Computational Studies of HIV-1 RT and Quinone Oxidoreductase -- Interaction, Activity, and Mechanism
Chemistry and Biochemistry
Bayer School of Natural and Environmental Sciences
Jeffry D. Madura
Bruce D. Beaver
Jeffrey D. Evanseck
3D QSAR, AMBER, binding affinity, CoMFA, CoMSIA, docking, free energy of binding, HIV-1 RT inhibitor, linear response, MD, MM, MOE, Molecular Modeling, Nevirapine, PLS, Poisson-Boltzmann, rational drug design, TIBO
HIV-1 reverse transcriptase (HIV-1 RT) plays an important role in the duplication of HIV-1. It has been a target in the development of drugs to inhibit HIV and cure AIDS. Non-nucleoside RT inhibitor (NNRTI) is one type of RT inhibitor, which binds in an allosteric site on p66 subdomain. Docking, free energy of binding (FEB), and MD simulations are used in the work to explore the binding structure, binding affinity and interaction of ligand/receptor of RT and QR1.
Docking results show that it reproduces crystal structures well. The results of large set of other NNRTIs show that these NNRTIs dock in a similar position and orientation as known inhibitors. Also, hydrogen bonds around entrance of active site were observed and analyzed. The docking simulations using crystal structures gotten under different resolutions indicate that a coarse resolved crystal structure can be used in docking simulation.
A FEB model was developed based on the docked structures of TIBOs using a linear response approach of Dock-MM-PB/GS, which has good correlation with the experimental activity. The promising approach in computer-aided rational drug design has good ability to estimate binding affinity of a large set of ligands within a reasonable computer time.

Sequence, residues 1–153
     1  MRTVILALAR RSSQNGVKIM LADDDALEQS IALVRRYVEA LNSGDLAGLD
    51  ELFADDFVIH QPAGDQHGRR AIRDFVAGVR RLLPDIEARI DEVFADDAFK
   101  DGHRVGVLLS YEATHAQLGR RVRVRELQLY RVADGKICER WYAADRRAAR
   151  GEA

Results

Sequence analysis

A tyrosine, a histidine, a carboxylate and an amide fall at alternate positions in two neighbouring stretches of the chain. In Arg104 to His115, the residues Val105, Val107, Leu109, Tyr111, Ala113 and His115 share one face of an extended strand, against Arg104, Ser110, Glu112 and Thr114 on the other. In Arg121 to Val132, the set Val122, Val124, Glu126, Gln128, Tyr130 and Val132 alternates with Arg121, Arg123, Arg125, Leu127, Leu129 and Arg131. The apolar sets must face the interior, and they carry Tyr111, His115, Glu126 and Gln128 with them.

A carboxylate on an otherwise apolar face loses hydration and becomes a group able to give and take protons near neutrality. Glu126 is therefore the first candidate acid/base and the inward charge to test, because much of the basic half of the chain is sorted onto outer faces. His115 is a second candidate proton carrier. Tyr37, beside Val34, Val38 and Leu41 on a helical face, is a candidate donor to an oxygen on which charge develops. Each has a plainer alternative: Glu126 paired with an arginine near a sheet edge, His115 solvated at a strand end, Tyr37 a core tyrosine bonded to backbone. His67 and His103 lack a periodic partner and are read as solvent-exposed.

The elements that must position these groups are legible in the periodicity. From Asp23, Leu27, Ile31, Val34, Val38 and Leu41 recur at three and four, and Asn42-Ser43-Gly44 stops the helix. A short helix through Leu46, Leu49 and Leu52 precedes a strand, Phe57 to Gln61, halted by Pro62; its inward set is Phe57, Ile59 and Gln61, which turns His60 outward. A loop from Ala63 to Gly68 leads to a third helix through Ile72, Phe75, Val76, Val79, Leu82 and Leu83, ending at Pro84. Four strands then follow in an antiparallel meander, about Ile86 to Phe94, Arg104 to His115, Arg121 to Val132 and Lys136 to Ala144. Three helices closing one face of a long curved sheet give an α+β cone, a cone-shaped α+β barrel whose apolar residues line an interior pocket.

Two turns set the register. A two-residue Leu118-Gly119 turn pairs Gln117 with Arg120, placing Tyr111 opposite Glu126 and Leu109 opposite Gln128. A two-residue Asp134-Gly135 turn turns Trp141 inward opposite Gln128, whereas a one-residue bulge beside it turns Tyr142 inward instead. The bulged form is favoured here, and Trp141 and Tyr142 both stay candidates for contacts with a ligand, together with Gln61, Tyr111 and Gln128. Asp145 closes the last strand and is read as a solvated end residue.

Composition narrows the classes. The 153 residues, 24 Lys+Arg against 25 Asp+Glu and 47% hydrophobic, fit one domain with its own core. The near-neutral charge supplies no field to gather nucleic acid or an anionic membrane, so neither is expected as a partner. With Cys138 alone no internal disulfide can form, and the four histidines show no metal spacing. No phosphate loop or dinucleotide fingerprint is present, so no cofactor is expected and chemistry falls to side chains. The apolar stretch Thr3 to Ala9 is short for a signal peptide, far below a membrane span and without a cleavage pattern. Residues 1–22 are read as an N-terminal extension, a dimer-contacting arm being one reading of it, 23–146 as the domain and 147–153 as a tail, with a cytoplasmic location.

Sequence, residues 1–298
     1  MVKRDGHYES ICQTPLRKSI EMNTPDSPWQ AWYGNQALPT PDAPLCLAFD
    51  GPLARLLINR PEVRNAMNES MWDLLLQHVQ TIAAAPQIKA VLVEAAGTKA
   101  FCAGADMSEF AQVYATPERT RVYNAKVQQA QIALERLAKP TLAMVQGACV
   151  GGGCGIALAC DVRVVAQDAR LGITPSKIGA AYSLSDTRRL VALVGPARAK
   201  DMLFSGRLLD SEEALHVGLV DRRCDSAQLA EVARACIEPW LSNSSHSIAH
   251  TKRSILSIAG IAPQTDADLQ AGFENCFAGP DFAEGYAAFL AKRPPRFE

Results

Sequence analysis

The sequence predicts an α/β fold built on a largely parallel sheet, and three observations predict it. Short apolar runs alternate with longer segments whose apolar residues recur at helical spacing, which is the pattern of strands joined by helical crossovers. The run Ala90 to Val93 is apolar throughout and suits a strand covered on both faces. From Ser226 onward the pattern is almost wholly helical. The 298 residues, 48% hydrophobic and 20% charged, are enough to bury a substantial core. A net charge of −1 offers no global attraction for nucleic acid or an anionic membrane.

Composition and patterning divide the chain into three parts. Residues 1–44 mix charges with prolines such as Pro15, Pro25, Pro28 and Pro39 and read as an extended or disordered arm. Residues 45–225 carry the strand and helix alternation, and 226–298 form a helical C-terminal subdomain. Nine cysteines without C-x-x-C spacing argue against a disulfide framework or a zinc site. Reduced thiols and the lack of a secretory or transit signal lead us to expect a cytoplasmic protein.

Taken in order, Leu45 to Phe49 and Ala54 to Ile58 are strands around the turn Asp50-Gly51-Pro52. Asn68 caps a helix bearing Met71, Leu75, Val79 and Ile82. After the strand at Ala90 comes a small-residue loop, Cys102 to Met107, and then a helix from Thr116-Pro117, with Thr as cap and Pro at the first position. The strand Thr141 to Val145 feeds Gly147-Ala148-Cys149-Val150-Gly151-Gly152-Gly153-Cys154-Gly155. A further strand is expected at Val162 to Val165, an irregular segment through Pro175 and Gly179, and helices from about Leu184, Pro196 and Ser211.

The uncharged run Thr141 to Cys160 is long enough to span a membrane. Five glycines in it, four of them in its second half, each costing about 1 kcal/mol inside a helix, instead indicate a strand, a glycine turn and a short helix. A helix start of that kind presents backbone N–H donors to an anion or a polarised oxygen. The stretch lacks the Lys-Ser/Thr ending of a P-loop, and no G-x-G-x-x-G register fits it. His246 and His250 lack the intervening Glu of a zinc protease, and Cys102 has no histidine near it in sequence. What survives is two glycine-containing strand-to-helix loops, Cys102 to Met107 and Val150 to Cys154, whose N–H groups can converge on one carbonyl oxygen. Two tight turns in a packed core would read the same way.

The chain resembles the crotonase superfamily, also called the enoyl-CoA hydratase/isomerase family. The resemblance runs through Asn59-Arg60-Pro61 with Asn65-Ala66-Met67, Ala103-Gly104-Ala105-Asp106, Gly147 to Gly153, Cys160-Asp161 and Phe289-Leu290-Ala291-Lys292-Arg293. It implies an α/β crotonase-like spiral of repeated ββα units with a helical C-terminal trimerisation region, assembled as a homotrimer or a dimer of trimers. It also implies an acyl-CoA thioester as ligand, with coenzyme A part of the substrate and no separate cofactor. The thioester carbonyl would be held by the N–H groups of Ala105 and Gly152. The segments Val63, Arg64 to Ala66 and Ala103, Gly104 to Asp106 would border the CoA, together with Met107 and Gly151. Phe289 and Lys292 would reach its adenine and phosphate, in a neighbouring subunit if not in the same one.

Also 3-D QSAR models of TIBOs were developed using combination of ligand-based drug design approach - CoMFA and receptor-based -- docking by which the "active" conformation and alignment were performed.
MD simulation and PCA were employed to explore the dynamic properties of an unliganded RT, RT/nevirapine and RT mutant/nevirapine complexes. It is shown that NNRTI affects dynamic properties of cleft formed by fingers and thumb through affecting some subdomains around active site in palm. The changes on cleft dynamics finally affect its ability to hold and synthesize DNA. The binding affinities calculated by MM-PBSA show that nevirapine has stronger interaction with RT than RT mutant. Meanwhile it is suggested that a good inhibitor should be one that can effectively interact with these subdomains and maximum occupy the active site.
Zhou, Z. (2003). Computational Studies of HIV-1 RT and Quinone Oxidoreductase -- Interaction, Activity, and Mechanism (Doctoral dissertation, Duquesne University). Retrieved from https://dsc.duq.edu/etd/1692